Susan Bray uses CGM to find the foods that affect her blood sugar the most

The physical therapist has experimented with enough biohacking to know what improves her cardiometabolic health–and she wants to share the message with others, too.

Member Profile:

Who: Susan Bray, 56
Where: Trabuco Canyon, CA
Time with Levels: 1.5 years
Most Useful Takeaway: Despite knowing that starchy carbohydrates spiked her blood sugar, Susan was surprised to find that resistant starches did, too.

1. What was your health like before using Levels?

From the standpoint of Western medicine, I’m perfectly healthy. But in my assessment, there were many things I wanted to work on to improve my health. I’ve been health conscious my entire life, but I’ve gotten deeply into biohacking and functional medicine in the last three to five years. As a physical therapist, I run my own integrated wellness practice, Performance Enhancement, Inc.

What centered me was my father dying of Alzheimer’s disease. I decided that was not going to be my fate. So I did genetic testing, which confirmed my suspicions that I had genes making me more at risk for the disease. The more I looked into my health, the more I realized I also had to focus on my cardiovascular health; I have genetic high cholesterol. Though my homocysteine, inflammatory markers, triglycerides, and HDL are all in range, my LDL and Lp(a) cholesterol are not, and both can contribute to plaque buildup inside my arteries.

In the course of biohacking, I started doing Bulletproof coffee and intermittent fasting. I had my cholesterol retested after a year, and it was shocking that it went up 40 points after making that dietary change. That number was moving in the wrong direction. I realized I do not process saturated fat well, so I removed the saturated fat from my coffee and my diet in general, and I focused on sources of unsaturated fat, such as olive oil, nuts, and avocados.

2. What made you want to put a CGM on your arm?

My fasting glucose and A1c scores were higher than I wanted, and approaching prediabetes. I’ve also been trying to lose my pregnancy weight since I had my son 21 years ago. That made me think part of my weight loss struggles were due to possible insulin resistance. I do extensive testing on myself regularly to see what’s happening inside my body, including tests to rule out any serious issues. I was surprised to learn that I also had liver changes that were not optimal. At that point, I decided I had to get serious about managing my blood sugar.

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3. What were some surprising learnings you discovered in how your body responds to food?

I came into Levels knowing that my body is highly sensitive to sugar. Starchy carbs and processed foods have never worked for me. But after using the Levels CGM, I learned that resistant starches also weren’t great for my blood sugar regulation. These are foods that I tell my patients about all the time—taking a potato or rice, cooking it, and reheating it can lead to a lower blood sugar response. Not for me. I still get a 70-point spike. It was good to discover that strategy is not something I can use.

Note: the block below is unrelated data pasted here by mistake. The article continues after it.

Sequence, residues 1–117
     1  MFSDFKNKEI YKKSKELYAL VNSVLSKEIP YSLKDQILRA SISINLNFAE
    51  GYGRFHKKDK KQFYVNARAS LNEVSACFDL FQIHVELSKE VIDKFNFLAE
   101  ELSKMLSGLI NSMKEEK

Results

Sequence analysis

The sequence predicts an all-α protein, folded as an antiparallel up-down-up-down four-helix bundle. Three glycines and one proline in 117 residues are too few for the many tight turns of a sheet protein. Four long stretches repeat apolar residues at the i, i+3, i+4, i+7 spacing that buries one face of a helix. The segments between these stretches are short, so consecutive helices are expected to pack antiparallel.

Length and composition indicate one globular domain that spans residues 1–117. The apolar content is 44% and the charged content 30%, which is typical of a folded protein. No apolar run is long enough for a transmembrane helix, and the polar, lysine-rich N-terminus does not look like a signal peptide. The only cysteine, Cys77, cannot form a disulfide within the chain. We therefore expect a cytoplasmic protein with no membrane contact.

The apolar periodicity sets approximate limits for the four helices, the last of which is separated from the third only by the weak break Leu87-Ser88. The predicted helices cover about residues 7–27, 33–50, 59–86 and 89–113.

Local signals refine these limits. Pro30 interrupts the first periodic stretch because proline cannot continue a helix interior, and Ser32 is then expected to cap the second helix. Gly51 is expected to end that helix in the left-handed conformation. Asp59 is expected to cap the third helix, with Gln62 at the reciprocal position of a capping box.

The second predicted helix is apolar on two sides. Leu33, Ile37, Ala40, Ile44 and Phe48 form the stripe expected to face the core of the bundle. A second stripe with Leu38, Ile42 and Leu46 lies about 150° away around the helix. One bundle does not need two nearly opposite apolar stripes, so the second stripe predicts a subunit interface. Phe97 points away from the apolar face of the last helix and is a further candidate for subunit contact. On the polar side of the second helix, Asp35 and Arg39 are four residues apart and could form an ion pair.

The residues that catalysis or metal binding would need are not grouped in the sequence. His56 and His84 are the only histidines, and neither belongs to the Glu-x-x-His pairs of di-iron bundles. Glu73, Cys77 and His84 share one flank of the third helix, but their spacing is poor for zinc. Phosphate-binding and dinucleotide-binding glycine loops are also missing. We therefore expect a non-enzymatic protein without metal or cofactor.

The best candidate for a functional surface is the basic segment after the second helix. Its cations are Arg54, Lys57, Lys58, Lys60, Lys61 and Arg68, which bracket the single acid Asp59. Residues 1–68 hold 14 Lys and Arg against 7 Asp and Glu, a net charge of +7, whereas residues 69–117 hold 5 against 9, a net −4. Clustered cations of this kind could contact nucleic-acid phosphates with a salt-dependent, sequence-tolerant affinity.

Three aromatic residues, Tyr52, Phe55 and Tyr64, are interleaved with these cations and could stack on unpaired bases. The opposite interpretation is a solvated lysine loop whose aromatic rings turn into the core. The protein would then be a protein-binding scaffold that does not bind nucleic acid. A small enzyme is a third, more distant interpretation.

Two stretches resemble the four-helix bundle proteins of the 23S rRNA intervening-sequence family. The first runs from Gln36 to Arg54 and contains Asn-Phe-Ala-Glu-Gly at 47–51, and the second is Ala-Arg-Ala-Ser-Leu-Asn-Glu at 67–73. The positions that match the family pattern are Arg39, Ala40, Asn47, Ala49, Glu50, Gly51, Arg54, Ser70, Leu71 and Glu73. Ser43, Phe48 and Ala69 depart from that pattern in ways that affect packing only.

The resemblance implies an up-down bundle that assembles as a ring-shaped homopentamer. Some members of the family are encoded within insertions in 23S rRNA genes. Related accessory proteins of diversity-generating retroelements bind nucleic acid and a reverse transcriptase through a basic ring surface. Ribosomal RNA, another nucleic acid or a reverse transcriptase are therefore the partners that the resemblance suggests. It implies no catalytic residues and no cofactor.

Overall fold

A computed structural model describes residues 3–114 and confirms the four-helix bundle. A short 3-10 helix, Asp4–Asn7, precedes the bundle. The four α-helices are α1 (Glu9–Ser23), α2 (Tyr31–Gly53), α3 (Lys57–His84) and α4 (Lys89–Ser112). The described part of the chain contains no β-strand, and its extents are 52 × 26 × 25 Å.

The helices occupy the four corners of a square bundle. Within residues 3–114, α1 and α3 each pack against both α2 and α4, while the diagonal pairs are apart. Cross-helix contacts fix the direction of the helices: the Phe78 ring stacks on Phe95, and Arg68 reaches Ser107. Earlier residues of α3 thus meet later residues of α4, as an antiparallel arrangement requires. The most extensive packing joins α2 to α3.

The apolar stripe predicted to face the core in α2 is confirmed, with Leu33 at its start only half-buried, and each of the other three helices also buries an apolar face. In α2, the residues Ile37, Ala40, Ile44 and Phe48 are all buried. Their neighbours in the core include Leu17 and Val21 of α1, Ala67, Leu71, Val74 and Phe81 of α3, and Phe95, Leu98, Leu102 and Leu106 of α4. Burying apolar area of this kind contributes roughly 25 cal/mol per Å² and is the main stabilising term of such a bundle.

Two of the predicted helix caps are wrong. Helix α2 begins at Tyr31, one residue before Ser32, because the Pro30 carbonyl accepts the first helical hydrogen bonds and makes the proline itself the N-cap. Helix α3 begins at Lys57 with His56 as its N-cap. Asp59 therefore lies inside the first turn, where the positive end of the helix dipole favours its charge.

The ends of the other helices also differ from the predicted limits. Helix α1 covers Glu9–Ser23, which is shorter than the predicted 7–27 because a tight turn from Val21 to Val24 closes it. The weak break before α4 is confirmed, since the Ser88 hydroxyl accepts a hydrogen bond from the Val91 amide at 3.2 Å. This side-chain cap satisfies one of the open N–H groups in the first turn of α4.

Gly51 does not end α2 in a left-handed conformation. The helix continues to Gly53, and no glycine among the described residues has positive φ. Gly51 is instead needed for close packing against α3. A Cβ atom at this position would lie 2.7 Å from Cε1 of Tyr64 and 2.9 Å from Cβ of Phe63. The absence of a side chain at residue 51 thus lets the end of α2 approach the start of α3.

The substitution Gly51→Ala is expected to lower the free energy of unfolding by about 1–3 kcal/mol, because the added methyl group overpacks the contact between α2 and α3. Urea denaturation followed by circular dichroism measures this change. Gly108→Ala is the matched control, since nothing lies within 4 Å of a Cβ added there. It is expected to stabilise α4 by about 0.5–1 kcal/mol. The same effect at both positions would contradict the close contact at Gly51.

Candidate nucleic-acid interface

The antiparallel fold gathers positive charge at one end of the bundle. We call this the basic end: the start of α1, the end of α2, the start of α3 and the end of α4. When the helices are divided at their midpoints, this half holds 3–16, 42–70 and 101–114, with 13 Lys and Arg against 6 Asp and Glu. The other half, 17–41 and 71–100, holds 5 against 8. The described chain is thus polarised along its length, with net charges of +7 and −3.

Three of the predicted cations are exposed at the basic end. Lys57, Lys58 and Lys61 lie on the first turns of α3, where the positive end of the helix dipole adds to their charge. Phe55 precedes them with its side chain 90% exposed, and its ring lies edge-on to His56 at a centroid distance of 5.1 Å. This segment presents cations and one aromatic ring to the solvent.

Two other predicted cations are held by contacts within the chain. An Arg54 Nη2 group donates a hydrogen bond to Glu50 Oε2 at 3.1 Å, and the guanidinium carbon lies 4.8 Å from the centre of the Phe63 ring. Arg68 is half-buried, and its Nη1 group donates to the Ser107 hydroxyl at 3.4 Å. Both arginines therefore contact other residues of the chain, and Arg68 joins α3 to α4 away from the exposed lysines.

I also found that I can affect my sugar response by hacking the order in which I eat my food. A local fish restaurant serves delicious freshly baked hot sourdough bread with butter. One evening, I started my meal with warm bread and butter, followed by my main course of fish and two sides of green vegetables. That caused a 70-point spike. The next time I went, I ordered the same thing. But I ate my vegetables first, followed by the fish, then bread and butter. The blood sugar spike was 10–15 points. 

I pay attention to what my blood sugar increase looks like two or three hours after I eat. Sometimes, looking an hour after eating shows you’re doing okay, but then you see the spike two or three hours later. Everyone is different, so that’s the beauty of seeing your individual responses to food using a CGM. I use it to ensure I do not falsely believe I’m doing better than I really am.

4. Are there non-food factors that you notice impact your blood sugar?

Certain things impact my blood sugar because they change my eating behaviors during the day. For example, the other day, I didn’t eat as well because I was super tired. I didn’t feel like doing what I was supposed to do. So, I ate asparagus ravioli.

I also like to sit in the infrared sauna, which spikes my blood sugar. The other day, my blood sugar was 138 mg/dL after the sweat. That’s okay with me. The sauna is a hormetic stress, which is a good thing. I also do cold therapy, another “good” type of stress. I don’t freak out about my blood sugar response to any of that since I’m using these short bursts of stressors to create healing.

5. What are your health goals for the future? How does the CGM fit into that?

I’m trying to find the ideal eating plan for me. What does intermittent fasting versus three meals/day look like for me? What specific types of food or food combinations work the best for me? I’m currently eating a combination of Paleo-Keto-Mediterranean diets and watching and feeling how my body responds to these foods. 

I’m also encouraging my patients to use a CGM, so I can help them individualize their diet. It can take me about 10 times telling someone before they order it. But this is a brilliant technology that can help people change their habits. Since 88% of Americans are metabolically unhealthy, there’s probably not a person alive who won’t benefit from wearing it and learning about how their food and diet affect their health and wellness.